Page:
Home / Mobile / Hands-On: 'Dr. Mario World' Is Nintendo's Mobile Drug – Geek

Hands-On: 'Dr. Mario World' Is Nintendo's Mobile Drug – Geek

Ever since announcing its partnership with DeNA a few years ago to produce mobile games, Nintendo has already brought some of its biggest franchises to iOS and Android devices. Super Mario, Fire Emblem, Animal Crossing, and soon Mario Kart are all on the most ubiquitous pieces of tech out there. However, some true heavy hitters like Zelda and Metroid and Smash Bros. are still missing. That’s why I was surprised to learn that Nintendo’s next mobile is based on the fun and catchy but relatively B-tier puzzle game Dr. Mario.

However, after playing Dr. Mario World myself I totally get it. Nintendo wants to be the ones who give you the next Candy Crush Saga and reap in that kind of success. I don’t know if this will do that, but if nothing else Dr. Mario World is a clever little mobile puzzle game.

Whereas most falling block puzzle game are about creating and clearing huge solid masses of blocks, Dr. Mario has players creating lines to target specific colorful viruses. And that’s still the case in Dr. Mario World. But while that general concept remains, this mobile game plays surprisingly different from the NES original.

For starters, instead of dropping pills down, in Dr. Mario World you drag them up from the bottom. Nintendo says this helps visibility with one-handed touch screen play, but you do need to rethink your whole puzzle approach. You can drag pills side to side as they float up but you can’t pull them back down. My best combos came from quickly dragging and T-spinning pieces of used pills over to new strategic locations before they floated out of the window. The game calls for a different kind of quick-thinking puzzle game reflex.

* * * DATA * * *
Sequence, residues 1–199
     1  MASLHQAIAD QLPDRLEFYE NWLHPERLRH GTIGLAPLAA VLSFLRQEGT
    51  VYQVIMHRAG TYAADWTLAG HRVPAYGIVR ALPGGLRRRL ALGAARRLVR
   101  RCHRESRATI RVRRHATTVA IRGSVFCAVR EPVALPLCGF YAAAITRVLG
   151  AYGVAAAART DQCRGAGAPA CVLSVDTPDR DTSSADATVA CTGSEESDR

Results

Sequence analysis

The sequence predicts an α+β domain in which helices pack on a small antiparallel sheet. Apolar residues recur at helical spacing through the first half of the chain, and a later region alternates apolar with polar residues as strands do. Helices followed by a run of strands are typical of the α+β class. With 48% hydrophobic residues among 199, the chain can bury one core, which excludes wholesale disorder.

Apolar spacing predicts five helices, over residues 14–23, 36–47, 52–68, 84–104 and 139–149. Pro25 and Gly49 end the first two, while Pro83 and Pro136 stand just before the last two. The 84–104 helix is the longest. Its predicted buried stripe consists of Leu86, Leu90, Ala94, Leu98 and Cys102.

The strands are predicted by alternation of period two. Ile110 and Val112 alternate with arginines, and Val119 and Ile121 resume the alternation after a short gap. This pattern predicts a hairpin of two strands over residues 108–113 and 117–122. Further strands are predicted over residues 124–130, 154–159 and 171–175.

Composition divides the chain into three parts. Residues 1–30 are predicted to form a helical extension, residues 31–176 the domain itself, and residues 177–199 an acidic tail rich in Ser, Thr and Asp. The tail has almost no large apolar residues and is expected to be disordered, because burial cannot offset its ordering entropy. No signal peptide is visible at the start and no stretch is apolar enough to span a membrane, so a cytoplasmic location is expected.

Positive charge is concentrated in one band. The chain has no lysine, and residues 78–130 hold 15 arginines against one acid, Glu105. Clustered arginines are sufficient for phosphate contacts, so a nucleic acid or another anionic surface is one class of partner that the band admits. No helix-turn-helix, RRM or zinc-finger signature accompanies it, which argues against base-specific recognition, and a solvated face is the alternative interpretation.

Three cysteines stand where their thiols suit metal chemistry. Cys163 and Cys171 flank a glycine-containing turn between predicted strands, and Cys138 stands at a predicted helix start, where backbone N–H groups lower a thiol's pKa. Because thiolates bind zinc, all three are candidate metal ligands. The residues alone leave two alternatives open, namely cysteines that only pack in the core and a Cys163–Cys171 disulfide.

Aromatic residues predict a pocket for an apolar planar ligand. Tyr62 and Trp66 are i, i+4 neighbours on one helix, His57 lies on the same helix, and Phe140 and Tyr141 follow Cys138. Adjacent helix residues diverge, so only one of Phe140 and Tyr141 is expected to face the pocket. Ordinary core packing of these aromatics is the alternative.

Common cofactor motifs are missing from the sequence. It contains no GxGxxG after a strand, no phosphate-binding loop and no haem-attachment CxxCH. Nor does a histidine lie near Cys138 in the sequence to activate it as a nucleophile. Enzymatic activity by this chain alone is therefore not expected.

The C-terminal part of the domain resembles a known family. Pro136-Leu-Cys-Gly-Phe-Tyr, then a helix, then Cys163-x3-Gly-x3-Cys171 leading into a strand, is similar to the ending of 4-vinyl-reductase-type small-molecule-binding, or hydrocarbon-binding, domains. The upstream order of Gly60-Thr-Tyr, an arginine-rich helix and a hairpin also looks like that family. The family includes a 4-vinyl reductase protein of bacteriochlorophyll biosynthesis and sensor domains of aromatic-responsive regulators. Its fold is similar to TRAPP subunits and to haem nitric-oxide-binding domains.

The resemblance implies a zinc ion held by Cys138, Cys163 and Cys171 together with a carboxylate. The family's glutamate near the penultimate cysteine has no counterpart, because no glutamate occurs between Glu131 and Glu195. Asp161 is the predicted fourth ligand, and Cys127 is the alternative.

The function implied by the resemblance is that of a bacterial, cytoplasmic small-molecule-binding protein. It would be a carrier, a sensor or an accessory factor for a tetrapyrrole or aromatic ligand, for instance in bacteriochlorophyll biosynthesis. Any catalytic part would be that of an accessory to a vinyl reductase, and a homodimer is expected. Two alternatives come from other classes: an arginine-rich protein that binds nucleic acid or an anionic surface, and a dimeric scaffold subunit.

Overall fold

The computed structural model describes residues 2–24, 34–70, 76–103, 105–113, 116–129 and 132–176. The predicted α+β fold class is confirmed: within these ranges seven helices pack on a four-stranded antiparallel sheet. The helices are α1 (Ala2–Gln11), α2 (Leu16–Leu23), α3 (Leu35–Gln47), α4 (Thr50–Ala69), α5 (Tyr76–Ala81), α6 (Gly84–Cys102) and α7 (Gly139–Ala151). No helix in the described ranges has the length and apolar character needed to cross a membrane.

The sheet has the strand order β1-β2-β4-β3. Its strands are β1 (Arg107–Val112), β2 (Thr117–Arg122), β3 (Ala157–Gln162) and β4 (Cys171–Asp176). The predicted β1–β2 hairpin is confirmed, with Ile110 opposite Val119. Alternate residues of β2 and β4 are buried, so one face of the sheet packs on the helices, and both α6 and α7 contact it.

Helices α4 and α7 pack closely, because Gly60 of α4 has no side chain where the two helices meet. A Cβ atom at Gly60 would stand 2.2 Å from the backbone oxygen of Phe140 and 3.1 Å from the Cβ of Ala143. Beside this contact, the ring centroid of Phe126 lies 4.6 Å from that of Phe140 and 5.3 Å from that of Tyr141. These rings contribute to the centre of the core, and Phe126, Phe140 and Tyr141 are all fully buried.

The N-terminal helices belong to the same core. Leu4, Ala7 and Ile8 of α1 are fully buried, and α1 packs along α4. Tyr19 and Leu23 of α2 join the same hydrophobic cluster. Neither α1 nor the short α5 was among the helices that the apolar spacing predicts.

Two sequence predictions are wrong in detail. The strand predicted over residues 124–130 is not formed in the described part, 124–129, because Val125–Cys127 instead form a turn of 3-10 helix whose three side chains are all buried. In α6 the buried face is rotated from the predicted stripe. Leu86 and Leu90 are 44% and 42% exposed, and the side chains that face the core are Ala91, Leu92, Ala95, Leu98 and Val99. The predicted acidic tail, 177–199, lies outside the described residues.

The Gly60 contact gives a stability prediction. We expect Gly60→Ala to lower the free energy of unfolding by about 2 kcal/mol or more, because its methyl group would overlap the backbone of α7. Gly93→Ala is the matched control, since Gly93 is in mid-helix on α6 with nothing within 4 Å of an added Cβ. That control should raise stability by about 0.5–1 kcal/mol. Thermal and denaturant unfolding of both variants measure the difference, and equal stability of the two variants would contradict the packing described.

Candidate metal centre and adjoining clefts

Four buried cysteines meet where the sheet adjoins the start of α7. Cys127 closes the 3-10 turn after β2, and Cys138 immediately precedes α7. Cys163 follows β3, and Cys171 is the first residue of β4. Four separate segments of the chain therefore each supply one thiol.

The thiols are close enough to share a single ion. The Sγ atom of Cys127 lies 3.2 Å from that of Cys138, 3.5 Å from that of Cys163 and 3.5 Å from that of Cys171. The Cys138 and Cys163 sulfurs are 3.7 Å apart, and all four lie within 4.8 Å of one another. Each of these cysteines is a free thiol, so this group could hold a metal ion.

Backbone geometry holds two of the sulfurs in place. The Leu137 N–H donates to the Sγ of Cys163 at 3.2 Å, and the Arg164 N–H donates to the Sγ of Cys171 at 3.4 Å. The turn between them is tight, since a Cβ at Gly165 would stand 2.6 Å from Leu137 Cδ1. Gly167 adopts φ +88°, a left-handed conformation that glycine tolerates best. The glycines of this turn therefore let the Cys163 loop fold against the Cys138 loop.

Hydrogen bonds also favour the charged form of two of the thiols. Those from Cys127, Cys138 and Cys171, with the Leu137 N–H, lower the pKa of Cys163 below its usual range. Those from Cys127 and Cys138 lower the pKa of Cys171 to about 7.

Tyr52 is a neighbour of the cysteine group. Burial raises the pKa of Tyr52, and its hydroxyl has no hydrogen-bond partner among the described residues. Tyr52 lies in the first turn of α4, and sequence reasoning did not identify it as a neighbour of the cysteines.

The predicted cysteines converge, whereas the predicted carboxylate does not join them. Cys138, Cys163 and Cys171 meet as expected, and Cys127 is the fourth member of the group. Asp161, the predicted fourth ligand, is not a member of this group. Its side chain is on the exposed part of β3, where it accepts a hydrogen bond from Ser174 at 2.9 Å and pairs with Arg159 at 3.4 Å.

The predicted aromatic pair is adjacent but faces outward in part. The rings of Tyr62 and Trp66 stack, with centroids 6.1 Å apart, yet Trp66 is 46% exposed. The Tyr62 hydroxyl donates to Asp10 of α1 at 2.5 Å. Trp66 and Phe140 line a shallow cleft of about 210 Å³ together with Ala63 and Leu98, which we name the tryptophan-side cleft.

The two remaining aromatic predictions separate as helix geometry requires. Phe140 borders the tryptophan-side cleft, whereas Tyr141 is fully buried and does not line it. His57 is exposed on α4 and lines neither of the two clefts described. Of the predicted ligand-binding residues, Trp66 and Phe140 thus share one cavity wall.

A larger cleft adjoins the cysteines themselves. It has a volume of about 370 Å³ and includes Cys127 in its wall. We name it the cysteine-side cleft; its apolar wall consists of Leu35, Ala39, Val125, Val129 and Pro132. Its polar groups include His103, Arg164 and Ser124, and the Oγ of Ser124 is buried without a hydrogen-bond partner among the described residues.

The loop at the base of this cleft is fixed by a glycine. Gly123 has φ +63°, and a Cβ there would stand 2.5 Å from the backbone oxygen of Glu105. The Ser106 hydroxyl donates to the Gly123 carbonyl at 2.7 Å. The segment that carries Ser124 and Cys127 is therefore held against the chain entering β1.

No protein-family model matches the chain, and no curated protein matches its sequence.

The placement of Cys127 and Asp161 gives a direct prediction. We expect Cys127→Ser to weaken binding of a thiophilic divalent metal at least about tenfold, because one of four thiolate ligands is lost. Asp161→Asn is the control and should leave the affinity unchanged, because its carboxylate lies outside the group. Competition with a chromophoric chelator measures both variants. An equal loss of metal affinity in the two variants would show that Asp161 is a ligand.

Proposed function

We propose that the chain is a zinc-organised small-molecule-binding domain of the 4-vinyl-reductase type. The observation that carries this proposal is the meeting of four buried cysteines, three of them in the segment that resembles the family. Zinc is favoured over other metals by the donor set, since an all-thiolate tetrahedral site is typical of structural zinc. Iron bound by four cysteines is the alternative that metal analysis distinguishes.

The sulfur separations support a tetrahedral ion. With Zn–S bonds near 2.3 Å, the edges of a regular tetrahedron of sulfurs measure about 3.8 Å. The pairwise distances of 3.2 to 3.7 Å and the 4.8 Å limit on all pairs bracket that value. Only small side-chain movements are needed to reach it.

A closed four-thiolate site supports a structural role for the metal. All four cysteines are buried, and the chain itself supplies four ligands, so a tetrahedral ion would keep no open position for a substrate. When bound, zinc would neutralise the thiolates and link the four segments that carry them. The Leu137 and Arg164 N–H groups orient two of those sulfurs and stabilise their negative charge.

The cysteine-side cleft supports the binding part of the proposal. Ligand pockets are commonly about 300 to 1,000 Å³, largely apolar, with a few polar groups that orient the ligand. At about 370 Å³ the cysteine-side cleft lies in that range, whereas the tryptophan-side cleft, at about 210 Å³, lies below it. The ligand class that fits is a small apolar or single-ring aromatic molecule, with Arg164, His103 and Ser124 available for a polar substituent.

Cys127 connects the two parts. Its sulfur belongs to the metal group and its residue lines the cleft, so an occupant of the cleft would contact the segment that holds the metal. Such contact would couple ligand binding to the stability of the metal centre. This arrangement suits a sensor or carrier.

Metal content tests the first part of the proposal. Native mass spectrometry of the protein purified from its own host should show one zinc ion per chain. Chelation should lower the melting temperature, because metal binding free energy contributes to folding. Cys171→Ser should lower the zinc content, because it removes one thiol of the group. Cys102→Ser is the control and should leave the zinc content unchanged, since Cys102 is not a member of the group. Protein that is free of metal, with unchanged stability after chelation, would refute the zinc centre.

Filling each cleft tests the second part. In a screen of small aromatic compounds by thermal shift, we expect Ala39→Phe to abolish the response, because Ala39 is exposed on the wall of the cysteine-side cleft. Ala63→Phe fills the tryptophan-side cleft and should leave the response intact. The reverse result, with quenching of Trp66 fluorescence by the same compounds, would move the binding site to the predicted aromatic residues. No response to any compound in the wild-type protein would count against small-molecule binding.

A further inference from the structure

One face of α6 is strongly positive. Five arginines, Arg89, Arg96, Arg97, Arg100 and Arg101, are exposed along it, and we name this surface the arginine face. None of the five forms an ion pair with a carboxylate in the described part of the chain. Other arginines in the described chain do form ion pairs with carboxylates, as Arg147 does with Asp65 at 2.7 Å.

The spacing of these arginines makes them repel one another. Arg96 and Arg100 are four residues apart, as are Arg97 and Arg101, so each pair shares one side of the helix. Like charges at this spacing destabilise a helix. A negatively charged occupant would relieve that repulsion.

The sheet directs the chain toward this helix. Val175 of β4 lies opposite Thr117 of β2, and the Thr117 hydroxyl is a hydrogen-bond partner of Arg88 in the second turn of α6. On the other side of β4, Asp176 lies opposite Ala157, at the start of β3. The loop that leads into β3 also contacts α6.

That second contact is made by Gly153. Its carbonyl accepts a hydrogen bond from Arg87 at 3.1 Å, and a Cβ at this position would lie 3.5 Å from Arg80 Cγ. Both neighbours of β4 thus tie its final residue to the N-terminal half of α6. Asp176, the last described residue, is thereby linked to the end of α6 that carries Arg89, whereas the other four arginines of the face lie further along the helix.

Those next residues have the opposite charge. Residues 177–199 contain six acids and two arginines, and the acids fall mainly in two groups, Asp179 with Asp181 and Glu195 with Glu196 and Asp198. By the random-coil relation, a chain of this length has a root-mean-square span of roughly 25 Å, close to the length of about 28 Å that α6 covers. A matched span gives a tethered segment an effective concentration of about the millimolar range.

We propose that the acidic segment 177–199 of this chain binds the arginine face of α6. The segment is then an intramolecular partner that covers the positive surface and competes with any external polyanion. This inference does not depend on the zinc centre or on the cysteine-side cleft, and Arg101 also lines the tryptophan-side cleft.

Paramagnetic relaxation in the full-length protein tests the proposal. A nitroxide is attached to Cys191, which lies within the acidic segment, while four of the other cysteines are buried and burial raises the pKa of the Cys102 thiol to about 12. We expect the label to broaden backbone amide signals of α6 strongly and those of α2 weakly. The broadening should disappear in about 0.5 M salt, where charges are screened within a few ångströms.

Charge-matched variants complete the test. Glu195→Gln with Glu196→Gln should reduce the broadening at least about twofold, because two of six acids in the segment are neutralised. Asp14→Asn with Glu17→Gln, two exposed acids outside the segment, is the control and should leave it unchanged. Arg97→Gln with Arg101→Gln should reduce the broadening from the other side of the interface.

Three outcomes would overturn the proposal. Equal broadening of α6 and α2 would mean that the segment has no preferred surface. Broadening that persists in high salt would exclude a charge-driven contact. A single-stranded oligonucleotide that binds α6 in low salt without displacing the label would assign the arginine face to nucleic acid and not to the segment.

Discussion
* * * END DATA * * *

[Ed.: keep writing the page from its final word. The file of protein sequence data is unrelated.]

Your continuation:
My demo also showcased several twists players can expect in the 200 levels. The limited number of randomized pills turns each around into a larger puzzle in and of itself. Trigger bombs or bouncing koopa shells to take out whole clusters of viruses. Clear as many viruses as possible with unlimited blocks like in the original game. It stays surprisingly fresh. And that’s before you get into power-ups like stem cell-esque miracle pills that clear viruses of all colors or the special abilities of the different doctor and helper versions of Mario characters I can’t quite reveal yet.

Unfortunately, Dr. Mario World is still a free-to-play mobile game. There’s a multiplayer mode that might tear me away from Tetris 99 but it requires a pointless internet connection even in single-player. There are inconvenient, flow-halting hearts and stamina bars to worry about. And running out of medicine forces you to spend real money or wait to die, just like America’s actual health care system. But it’s not exactly Nintendo’s fault the mobile game scene is the way it is. You people wouldn’t even spend ten dollars on a pretty good Mario runner game.

Dr. Mario World comes to iOS and Android on July 10. For more on Nintendo check out these cool Nintendo Switch games.

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